As the breeding season continues apace, we are seeing ever-increasing numbers of youngsters around the reserve. The pools are now home to pochard ducklings, crimson-headed coot-lets, mute swan cygnets and greylag goslings and an array of other fluffy nippers guaranteed to solicit the occasional 'oooh' or 'aahhhh' from visitors. The marsh harriers and bitterns are busy feeding their hungry broods - it will be interesting to see how many emerge from the nests in the coming weeks!

 The avocets out on the saltmarsh seem to be struggling a bit with most chicks having been predated soon after hatching; by contrast the neighbouring nesting black-headed gulls appear to be having a reasonable season with good numbers of comical looking chicks strewn throughout the garrulous colony. In other gull news, at least three pairs of great black-backed gulls are rearing their brutish offspring on the reserve. These enormous and highly impressive birds are pretty scarce breeders in Lancashire and indeed much of England, so we are delighted to have them on the site!

As we'd expect at Leighton Moss at this time of year, the warmer weather sees a notable emergence in dragonflies and damselflies. Broad-bodied chasers (pic by Dave Middleman) are among the first to be seen along with blue-tailed and common blue damselflies. As a result of this proliferation of large flying insects, we can always expect to see hobbies appearing over the meres as they twist and turn in pursuit of their favourite prey. These dashing migratory falcons are always a real treat to see here and it's well worth keeping an eye out for these summer specialities.

Spoonbills remain on site though they can be frustrating to track down, often keeping a low profile on the back of the far pools. I get great, if brief, views of them from the train most days as I head into work! Numbers have continued to fluctuate and at the time of writing there are two still kicking around.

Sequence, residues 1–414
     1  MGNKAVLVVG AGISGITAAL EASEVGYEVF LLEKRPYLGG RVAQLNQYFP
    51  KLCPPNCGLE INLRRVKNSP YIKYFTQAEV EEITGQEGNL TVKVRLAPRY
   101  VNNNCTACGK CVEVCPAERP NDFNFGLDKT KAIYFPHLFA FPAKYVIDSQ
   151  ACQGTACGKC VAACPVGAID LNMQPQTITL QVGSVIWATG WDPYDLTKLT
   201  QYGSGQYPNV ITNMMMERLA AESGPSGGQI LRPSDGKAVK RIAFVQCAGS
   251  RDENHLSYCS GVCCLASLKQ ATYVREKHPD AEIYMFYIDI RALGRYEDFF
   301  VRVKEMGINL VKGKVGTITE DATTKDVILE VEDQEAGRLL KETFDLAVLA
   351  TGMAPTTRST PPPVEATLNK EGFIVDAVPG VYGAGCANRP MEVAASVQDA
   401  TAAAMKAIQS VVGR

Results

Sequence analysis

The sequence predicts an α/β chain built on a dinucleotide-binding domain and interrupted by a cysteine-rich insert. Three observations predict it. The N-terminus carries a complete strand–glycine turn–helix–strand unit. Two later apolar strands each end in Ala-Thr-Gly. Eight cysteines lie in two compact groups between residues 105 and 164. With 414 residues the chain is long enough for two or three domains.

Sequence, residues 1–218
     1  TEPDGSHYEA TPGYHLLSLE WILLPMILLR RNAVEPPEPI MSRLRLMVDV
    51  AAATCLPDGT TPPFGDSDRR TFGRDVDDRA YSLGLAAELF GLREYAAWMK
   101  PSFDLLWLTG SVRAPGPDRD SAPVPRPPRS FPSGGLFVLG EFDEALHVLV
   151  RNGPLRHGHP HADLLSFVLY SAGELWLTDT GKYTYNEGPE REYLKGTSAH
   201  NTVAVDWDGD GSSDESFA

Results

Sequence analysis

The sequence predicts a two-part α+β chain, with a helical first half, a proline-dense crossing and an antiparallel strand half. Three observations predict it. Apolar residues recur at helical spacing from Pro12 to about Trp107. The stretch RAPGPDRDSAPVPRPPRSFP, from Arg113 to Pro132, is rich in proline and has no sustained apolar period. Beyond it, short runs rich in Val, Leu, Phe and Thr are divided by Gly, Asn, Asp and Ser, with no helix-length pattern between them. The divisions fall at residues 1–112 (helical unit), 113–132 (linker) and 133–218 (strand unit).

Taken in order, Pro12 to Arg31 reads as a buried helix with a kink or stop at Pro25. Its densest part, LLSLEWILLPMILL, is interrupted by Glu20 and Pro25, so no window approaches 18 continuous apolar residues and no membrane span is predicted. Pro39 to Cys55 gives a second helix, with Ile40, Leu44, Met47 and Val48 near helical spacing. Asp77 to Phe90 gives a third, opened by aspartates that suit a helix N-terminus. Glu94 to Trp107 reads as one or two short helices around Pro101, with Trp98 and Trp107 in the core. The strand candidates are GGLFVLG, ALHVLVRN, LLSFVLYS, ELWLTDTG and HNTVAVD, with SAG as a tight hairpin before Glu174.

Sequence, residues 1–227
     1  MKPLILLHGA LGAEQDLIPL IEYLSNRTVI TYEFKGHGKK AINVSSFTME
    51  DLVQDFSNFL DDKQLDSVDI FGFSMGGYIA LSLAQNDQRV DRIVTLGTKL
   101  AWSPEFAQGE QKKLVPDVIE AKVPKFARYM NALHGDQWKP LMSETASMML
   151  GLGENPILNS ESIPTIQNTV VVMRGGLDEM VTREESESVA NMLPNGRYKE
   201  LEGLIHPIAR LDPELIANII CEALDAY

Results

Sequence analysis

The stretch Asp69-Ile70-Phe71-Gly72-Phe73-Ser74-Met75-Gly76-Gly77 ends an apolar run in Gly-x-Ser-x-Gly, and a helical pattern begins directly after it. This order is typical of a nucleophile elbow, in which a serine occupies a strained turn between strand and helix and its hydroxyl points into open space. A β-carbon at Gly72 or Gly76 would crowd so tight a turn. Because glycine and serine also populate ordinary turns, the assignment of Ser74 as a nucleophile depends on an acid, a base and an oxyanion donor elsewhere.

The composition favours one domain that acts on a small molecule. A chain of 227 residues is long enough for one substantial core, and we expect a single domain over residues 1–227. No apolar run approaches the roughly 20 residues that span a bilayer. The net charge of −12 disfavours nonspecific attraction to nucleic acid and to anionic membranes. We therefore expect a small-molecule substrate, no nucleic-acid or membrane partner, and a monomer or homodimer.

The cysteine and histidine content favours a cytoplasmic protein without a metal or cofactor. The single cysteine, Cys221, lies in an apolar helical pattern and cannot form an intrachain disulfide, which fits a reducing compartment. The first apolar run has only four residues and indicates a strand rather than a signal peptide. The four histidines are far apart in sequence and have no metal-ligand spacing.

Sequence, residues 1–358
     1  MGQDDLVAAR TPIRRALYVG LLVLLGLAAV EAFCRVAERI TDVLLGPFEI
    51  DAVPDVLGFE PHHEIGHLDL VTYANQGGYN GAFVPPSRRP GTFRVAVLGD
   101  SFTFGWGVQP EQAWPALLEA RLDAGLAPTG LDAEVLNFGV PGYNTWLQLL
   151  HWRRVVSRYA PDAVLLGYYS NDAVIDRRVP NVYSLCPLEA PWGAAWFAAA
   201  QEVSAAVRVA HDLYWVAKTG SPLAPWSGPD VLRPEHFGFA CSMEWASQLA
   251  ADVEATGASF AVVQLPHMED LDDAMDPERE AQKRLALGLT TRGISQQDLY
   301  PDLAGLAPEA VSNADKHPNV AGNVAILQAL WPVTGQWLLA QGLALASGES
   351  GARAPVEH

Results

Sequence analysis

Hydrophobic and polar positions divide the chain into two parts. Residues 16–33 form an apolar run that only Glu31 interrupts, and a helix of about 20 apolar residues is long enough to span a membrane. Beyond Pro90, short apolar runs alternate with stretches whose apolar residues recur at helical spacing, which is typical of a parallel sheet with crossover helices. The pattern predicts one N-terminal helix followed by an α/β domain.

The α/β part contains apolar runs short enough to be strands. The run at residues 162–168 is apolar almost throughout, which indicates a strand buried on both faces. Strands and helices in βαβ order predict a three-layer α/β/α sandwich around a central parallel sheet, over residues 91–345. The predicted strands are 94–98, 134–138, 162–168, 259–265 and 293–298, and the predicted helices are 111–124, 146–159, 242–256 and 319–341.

Many visitors will recall the long-staying purple heron which took up temporary residence in our reedbeds back in 2017 (pic by Mike Malpas). Well, we have been visited by yet another but so far this one remains extremely elusive and may in fact have now moved on. First spotted in mid-May it, or perhaps another, wasn't seen again until a couple of reports came in last weekend from Grisedale Hide. The rare heron hasn't been sighted since and may still be out there, so I would urge any visitors to check those reed edges very carefully for a slim, skulking heron! Do let us know if you get lucky!

We have yet more guided walks coming up for those who may be keen to expand their birdwatching knowledge. Our Birdsounds for Beginners walks are now sold out but we do have two 'Better Birding' guided walks scheduled for July 3 and 17. Tickets are selling fast for these and pre-booking is essential. To find out more, please click here.

As always we look forward to welcoming you to RSPB Leighton Moss and Morecambe Bay nature reserve and we do encourage you to share your sightings with us either in person on the reserve or via our Facebook and Twitter accounts! 

Jon

 

     

         

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